Well, this is more of a headline that a blogpost, I’m afraid. It seemed like a nice heretical stunt until I tried to draw up the list. I started with ten, and then realized I’d better make it five, and then had a hard time filling the five. Like you, no doubt, I rate any loss a tragedy and I have a lot of curiosity. There is a long list of silent films and early talkies and director’s cuts that I am extremely bummed about. These are just a few that I don’t lose any sleep over.
Greed director’s cut (1924)
Eric Von Stroheim’s original cut of his masterpiece was reportedly a gazillion hours long: eight? Then six? Then five? Then three? Producers kept asking for shorter versions until it was down to 2 hours, 2o minutes. And then unfortunately a janitor destroyed the cut footage. There’s a “restored” version that employs stills that’s about four hours. Some of the 12 people who saw the complete version hailed it as the greatest movie ever made. But the edited one remains near the top of the list anyway. Given that A) I’ve seen the general release edit and think it is a great masterpiece, and B) the average silent feature is about ONE hour long, I’m really content to imagine what the eight hours consisted of without having to sit through them. Eight hours is a long-ass silent movie.
The Seagull or A Woman of the Sea (1926)
The only reason Edna Purviance was ever in films was that Chaplin’s scouts had spotted her in a cafe and he decided to try her out. Purviance was a secretary with no ambitions to become an actress. Still, from 1915 through 1923 she was Chaplin’s leading lady, and a memorable and important part of his classic pictures. After A Woman of Paris (1923), Chaplin’s ardor cooled. Purviance had long since ceased to be his paramour offscreen, and in his view she had gotten to be too mature for what he required in a leading lady onscreen. To ease her transition to Life After Chaplin, he commissioned Josef Von Sternberg to direct her in this feature, sometimes called The Seagull, or Seagulls or A Woman of the Sea. When Chaplin saw the rushes, her performance was apparently so embarrassing that he destroyed all of the footage. It must be noted that Chaplin directed by telling the actor every move to make, which often enabled him to work with neophytes, children or amateurs. Without Chaplin’s painstaking directorial style as a guide, Purviance was probably fairly lost. Yet she was charming in Chaplin’s movies. I have no morbid desire to see her limitations exposed.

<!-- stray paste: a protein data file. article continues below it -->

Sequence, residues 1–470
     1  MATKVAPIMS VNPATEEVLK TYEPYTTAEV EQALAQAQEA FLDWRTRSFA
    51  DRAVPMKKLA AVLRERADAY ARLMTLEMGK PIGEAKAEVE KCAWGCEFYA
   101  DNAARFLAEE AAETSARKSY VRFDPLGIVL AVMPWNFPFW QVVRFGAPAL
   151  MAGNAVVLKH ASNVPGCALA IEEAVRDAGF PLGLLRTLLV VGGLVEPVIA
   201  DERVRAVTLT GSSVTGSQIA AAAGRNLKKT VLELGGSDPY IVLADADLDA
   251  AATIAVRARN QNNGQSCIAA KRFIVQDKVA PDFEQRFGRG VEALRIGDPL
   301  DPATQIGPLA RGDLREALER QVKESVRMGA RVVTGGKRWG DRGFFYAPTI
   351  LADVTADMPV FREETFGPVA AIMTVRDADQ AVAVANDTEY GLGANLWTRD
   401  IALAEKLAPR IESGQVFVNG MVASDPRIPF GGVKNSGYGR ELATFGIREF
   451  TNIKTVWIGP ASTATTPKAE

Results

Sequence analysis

London After Midnight (1927)
Due to Lon Chaney’s iconic make-up this Tod Browning horror film used to rate high on my list of wanna-see lost films, and it remains there for many people. But I’ve now seen a reconstructed version made up of production stills, and was disappointed to learn that it has the exact same plot as the director’s later Mark of the Vampire (1935). It’s really a silly plot. But many of Browning’s films have extravagant, implausible stories. So, I’m not glad precisely that I can’t see the complete London After Midnight. I’m just kind of OK with it!
The Magnificent Ambersons director’s cut (1942)
RKO messed with Orson Welles’ planned edit of his second feature when he was down in South America shooting It’s All True. Not only did the studio switch scenes around and cut it differently, but they tacked on a silly ending which Welles’ didn’t even shoot. But I am completely okay with that. I love the existing version of the film. Maybe Welles’ version would have been better, but maybe not. He did seem to have obscurantist, baroque instincts when it came to editing, which are what they are. It makes it rewarding to watch his films many times, as many of us love to do. But the first viewing of nearly all of his films tend to be confusing, and producers and audiences can be forgiven for not warming up to that. I’m totally okay with the existing version of Ambersons. It is by no means a given that Welles’ version would have been objectively “better”.
A gay pornographic film about Jesus. Yeah, no, I don’t ever need to see this.